Technology Investing Trends and Insights

Capitalizing on growth opportunities amid a global slowdown

Inflation, rising interest rates, and geopolitical uncertainties – the world economy has changed this past year. And that has had a corresponding effect on the global venture capital landscape as well. A landscape where high valuation multiples for companies seeking investment is no longer common and competition for skilled labour are just two examples.

Major markets for technology companies to sell their innovations into and generate the requisite returns also eroded. After a record-breaking year in 2021, “2022 was met by stormy conditions in the form of a dramatic market correction,” according to the Bessemer Venture Partners State of the Cloud 2022 report. “In 2022, the BVP Nasdaq Emerging Cloud Index slipped back to 2020 levels, dropping over 40% in value.”

What does this mean for the investment landscape in 2023 and beyond, and what are some of the emerging themes and timelines? With a global portfolio of technology investments and Alacrity Global tech start-up funds, the team at Wesley Clover has a unique perspective on the state of technology investing worldwide. Our portfolio today has many investments under active management around the globe, including start-ups in the incubation stage, first-product firms in the accelerator phase, and more mature companies that now trade publicly.

Some of the trends we are currently seeing in North America include:

  • With the drop in values of stocks on the Nasdaq and TSX exchanges, investor sentiment at all stages of investing has become much more risk-averse. The focus is no longer on “growth at all costs”. Instead, investable businesses must be capital efficient and be able to demonstrate a clear and quick path to profitability. Growth remains important, but not at the cost of free cash flow margins. As investment colleague Laura Lenz at OMERS Ventures commented recently, “People had been focused on growth at all costs, but now investors are looking for growth with profitability.”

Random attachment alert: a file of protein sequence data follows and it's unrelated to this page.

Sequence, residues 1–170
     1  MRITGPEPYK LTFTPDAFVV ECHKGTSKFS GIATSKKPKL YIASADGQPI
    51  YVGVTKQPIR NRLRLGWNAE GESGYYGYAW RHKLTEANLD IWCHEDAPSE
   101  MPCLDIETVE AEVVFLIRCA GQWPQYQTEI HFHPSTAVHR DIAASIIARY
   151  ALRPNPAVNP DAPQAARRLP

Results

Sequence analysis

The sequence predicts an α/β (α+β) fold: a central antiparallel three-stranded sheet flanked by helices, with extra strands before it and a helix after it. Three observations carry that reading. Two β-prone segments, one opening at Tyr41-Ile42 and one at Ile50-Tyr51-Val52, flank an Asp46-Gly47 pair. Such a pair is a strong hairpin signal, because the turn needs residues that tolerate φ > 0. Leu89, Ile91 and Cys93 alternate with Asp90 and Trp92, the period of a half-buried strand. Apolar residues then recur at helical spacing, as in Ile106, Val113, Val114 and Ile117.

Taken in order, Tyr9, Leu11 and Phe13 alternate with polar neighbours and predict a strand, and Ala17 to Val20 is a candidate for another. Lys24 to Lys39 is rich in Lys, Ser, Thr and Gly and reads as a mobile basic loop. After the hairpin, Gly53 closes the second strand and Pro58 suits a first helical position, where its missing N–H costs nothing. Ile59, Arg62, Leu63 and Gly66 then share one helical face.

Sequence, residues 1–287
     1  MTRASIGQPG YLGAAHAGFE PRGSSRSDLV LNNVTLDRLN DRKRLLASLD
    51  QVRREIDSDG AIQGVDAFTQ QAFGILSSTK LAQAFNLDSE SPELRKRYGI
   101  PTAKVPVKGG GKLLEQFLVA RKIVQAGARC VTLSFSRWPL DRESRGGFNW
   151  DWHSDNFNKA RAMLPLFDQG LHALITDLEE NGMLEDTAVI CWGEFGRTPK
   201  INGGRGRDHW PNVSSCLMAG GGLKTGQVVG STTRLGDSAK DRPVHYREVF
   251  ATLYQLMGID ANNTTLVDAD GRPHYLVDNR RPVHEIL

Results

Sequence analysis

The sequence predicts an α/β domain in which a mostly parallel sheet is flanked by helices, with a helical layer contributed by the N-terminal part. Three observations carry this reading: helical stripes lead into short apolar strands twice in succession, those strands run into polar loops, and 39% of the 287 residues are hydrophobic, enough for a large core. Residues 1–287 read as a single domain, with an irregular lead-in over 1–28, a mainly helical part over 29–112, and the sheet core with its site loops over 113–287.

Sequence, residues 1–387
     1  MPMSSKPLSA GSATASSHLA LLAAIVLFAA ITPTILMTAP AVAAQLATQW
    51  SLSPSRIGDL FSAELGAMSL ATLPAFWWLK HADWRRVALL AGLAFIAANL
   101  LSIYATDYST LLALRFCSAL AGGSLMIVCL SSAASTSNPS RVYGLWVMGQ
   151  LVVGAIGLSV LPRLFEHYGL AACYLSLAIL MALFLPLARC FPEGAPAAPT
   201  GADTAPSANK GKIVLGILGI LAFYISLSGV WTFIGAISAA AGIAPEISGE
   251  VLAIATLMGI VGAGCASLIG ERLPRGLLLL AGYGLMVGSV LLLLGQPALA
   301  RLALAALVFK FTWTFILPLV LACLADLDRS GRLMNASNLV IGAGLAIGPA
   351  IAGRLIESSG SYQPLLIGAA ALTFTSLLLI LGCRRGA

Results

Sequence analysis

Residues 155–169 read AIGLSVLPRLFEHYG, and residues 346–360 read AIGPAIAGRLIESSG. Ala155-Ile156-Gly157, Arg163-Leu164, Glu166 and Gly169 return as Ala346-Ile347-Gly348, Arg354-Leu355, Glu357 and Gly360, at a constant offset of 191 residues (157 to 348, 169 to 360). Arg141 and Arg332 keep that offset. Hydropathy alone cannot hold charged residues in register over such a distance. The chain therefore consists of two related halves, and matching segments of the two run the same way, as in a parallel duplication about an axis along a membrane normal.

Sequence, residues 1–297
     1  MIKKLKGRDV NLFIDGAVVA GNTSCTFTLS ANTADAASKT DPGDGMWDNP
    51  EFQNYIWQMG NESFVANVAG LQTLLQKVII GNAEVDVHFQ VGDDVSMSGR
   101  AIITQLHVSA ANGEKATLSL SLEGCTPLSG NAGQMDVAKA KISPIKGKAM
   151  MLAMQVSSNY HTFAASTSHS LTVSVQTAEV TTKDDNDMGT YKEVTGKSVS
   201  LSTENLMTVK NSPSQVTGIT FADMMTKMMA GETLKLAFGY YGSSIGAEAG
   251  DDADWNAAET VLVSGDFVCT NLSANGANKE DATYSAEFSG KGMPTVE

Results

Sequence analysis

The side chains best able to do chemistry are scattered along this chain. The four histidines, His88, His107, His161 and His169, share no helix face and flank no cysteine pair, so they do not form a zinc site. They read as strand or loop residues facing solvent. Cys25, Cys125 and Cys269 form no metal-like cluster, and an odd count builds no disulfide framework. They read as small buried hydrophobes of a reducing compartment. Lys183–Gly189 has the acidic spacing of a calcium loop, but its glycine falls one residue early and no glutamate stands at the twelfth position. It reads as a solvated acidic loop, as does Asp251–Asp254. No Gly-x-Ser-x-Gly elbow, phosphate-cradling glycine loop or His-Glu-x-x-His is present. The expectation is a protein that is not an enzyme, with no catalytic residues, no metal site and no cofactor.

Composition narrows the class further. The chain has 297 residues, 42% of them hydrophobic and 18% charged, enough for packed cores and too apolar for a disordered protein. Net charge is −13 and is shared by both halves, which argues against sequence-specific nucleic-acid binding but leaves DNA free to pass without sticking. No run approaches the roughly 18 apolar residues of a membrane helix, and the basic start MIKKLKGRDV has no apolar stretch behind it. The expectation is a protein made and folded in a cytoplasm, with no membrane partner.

• The IPO window closed dramatically in 2022. According to Stock Analysis, there have been 173 IPOs on US stock markets as of late November 2022. This is an 82% drop from the 968 IPOs achieved by this same point in 2021.
  • The “Rule of 40” that had been used to determine the health and “investability” of a SaaS company – stating that the combined revenue growth rate and profit margin should equal or exceed 40% – is now trending to be more of a “Rule of 60”.
  • The focus has shifted to investing in people, specifically in businesses that have high employee Net Promoter Scores (eNPS). Why? A happier workforce is associated with the ability to deliver better customer satisfaction. As tech companies battle for the best employees, this can have a direct impact on the bottom line.

Aleeza Hashmi, Investor at Bessemer Venture Partner (BVP), echoed many of those same observations when she sat down with Leo Lax, Executive Managing Director at L-SPARK, for the State of SaaS Investor Breakfast during the recent SAAS North conference in Ottawa, Canada. The conversation also included a deeper look at the current Canadian SaaS investment landscape and the L-SPARK 2022 State of SaaS Report. Highlights from that report include: